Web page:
By Bart Weiss
Because of the current COVID-19 situation, shooting video is much more difficult than it has ever been. One way to move forward with creative digital storytelling is moving to the world of podcasting. Here are some tips and pointers.
There are several types of podcasts. For those of you interested in dramatic film, you could create a narrative podcast. You could have your actors record from home. With your imagination and good sound effects, you can bring up the production value of your podcast without spending a lot of money.
For inspiration, listen to “Limetown“, “Homecoming“, “Welcome to Night Vale“, and “The Truth“. Another genre of podcast that could be really fun would be to do one where you review films that you love. I love documentaries and am co-host of the “Fog of Truth” podcast. Of these discussion-style podcasts, the better ones have some good editing. Trimming the boring parts, taking out the “ummms” and lip smacks, is one part. To add production value, you can bring in clips from the film, and of course, you need to make a rocking intro. But please don’t make “the two drunk guys talking about star trek pods”; there are many of them.
One hint if you are doing a discussion-style podcast is that aside from the subject of the podcast, try to have some entertaining banter, people listen to podcasts because they like the people they hear and because they have something to say.
One major difference between podcasting and filmmaking is that your podcast audience is probably cooking dinner, walking the dog, or doing exercise, versus when you make a film, you generally have the audience’s full attention.
So now that you are inspired and perhaps have an idea, here is what you need.
The mics you use for film production could work, but they are not the best for voice. If you have the money the Shure SM7B is what you see in most studios. There are many other choices, but one thing to be aware of is – do you want a USB mic or an XLR mic? Audio-Technica ATR2100x is an inexpensive mic that uses both.
You need the USB if you are connecting the mic directly to the computer. You would use an XLR cable if you are going into a recorder. But many audio recorders will adapt XLR and send it out as a USB. You need to set the recorder to audio interface.
You might also need an arm to hold the mic, a pop filter, and good headphones. (I recommend Sony 7506.)
If you need to record multiple people at once remotely you could use Skype or Zoom, but their quality is not that great. The best way is to use Zencastr (zencastr.com). What this service does is let you record multiple people in different locations on separate tracks, and it can give you a wave file which is much better than an MP3 file. But to use Zencastr, everyone has to connect to a computer, (thus the need for the USB port). Of course, you could have your actors or film geeks record on their own recorder and send you the files.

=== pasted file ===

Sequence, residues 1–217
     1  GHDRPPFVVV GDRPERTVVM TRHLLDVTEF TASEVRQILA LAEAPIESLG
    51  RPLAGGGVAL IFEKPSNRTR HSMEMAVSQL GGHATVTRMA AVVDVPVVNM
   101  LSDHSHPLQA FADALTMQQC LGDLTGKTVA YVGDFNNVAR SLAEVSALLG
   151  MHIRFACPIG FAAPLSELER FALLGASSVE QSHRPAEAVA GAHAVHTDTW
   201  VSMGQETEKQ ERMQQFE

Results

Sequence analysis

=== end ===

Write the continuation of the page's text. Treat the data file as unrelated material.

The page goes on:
Once you have recorded, you need to edit. The cheapest ways are to use Audacity (www.audacityteam.org) or Fairlight that comes with DaVinci Resolve (www.blackmagicdesign.com/products). Both are free. If you have Adobe Creative Cloud, you can use Audition. If you have the academic bundle from Apple, you can Logic Pro.
With editing, you need to cut out the non-essential material, add some music, and create a cool intro. You should also finesse the voices with a compressor and then add sound effects and mix all of it together.
Before you get your files up, you should create show notes and perhaps a few graphics for your show.
So now you have your masterpiece, and you want to get it “wherever you get your podcasts”. There are services that will take your files and get them to all those podcast apps, and they charge you for that and for server space, which can add up. But there is a free way to get your work out and not pay for it. Anchor.fm is a site that will host your files and send them out for free. Not only that but you have the option of selling ads and getting a cut of that. It is a very simple drag and drop. You can even record your podcast directly into Anchor.
One last tip, it might be a good idea to create a few episodes before you launch so you can spend some time promoting the pod.
Bart Weiss is an award-winning filmmaker, educator and director/founder of the Dallas VideoFest and produces “Frame of Mind” on KERA TV. He was President of AIVF and was a video columnist for The Dallas Morning News, and United Features Syndicate. Bart received an MFA in Film Directing from Columbia University. www.videofest.org